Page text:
You didn’t have to be Amy Schneider on “Jeopardy” to push the buzzer after hearing: “Georgia, Arizona, Pennsylvania, New Mex…”
The right answer? Either swing states in the 2020 election. Or, states that sent “alternate certificates” signed by fake electors saying Donald Trump won the election.
The list included Michigan, Wisconsin, and Nevada.
So much attention has been paid to Bucks County’s six defendants charged in the January 6 attack on the Capitol. But the groundwork for that day was laid three weeks earlier: an attempt to bollix up the electoral college so that Donald Trump would become president. The plan was set in motion on December 14, when loyal GOP functionaries in seven states met in secret like members of Skull and Bones to sign fake electoral ballots.
The ballots fell into two camps. Five of them were identical documents, seemingly spit out by the same legal office. Pennsylvania and Nevada followed their own formats, but the Trump schemers considered all seven part of their plan. These were Trump electors, to be presented on January 6. And from that day onward, the myth of the stolen election took root.
Pat Poprik, chair of the Bucks County Republican Committee, was one of the 20 signatories on Pennsylvania’s fake papers. It’s hard to know much about Poprik these days, because she seems to have whitewashed her Facebook page. But back on Sept 24, 2020, she wrote a message criticizing Breonna Taylor, saying “Sorry for anyone who loses their life but when you learn the truth, it certainly changes the perspective.” And then she retweeted: ““If people want to BLM (burn, loot & murder) over the grand jury’s decision, apply the law to THEM. Breonna was involved with, and profiting from drug trafficking.” Poprik now posts about her own good deeds.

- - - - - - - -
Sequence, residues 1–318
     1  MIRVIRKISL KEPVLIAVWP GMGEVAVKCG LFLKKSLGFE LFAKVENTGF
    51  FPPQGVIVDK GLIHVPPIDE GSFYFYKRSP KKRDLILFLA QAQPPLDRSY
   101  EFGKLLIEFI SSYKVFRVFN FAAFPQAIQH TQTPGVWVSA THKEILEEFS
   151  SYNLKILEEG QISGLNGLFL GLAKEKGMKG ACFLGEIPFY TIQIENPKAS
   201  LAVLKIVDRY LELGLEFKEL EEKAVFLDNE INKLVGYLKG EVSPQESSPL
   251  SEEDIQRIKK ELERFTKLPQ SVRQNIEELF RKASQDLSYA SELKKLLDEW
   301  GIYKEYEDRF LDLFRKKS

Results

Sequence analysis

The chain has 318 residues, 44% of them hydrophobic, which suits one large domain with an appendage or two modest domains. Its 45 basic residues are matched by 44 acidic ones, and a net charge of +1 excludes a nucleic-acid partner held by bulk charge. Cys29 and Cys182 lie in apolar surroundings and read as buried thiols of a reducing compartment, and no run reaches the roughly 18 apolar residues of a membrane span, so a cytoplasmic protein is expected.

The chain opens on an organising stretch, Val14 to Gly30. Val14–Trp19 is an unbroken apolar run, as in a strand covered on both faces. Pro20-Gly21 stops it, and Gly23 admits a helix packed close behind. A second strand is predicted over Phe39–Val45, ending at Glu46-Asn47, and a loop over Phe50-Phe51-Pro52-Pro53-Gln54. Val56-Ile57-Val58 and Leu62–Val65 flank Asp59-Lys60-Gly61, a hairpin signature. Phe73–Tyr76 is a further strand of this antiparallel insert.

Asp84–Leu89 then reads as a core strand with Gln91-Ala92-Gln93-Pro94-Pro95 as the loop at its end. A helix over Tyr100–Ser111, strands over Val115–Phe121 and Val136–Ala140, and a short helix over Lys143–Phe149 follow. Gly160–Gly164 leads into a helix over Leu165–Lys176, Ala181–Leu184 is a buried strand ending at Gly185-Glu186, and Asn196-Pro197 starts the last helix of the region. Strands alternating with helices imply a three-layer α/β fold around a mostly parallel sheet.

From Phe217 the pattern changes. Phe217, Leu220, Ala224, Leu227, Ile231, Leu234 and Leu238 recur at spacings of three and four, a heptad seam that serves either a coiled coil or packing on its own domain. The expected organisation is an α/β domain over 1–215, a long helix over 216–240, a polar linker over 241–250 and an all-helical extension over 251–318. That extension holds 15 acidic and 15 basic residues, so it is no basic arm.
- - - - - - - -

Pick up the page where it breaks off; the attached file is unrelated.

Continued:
Thanks to reporting in Lancaster Online we now know why the Pennsylvania electors’ document was different. Sam DeMarco of Allegheny County, who would have been a real Trump elector if Trump had won, and thus knew his way around the legalities, told Trump’s pushy Philadelphia lawyer, James Fitzpatrick, that he would not sign the document unless there was a big “if” in it. He said he did not want to “go around the election.” Thus their document said their slate was for Trump “only if his election challenges succeeded in the courts.” In other words, it was a contingent slate. Many of the Pennsylvania signers were powerful operators in the GOP including two now running for governor.
In fact, they put out a press release explaining what they were doing.
Contrast that with the falsified electoral slates as filed by the other states.
The Georgia, Arizona, Michigan, Wisconsin and New Mexico documents blatantly stated that they were “duly elected.” They were not. These “electors” met the day real electors met, December 14, and then (obviously in collusion with Trump officials) sent their fake ballots to the Senate and other government offices.
Here was the plan, dreamed up by Trump adviser John Eastman, according to Bob Woodward’s book “Peril”: the Vice President would declare on January 6 that there were “seven slates of alternate electors.” Consider that the Trump team was counting Pennsylvania’s 20 votes, no matter what their intentions were. Therefore Pence would not accept the electors for Arizona, Georgia, Michigan, Nevada, New Mexico, Pennsylvania, and Wisconsin. Without those electors, the votes for Biden would be only 222. The plan, if Pence had agreed to it, was that no candidate had reached 270. (After that there were even more preposterous plans to throw the decision to the House of Representatives, where each state would get one vote, thus the Republicans would win and keep their president.)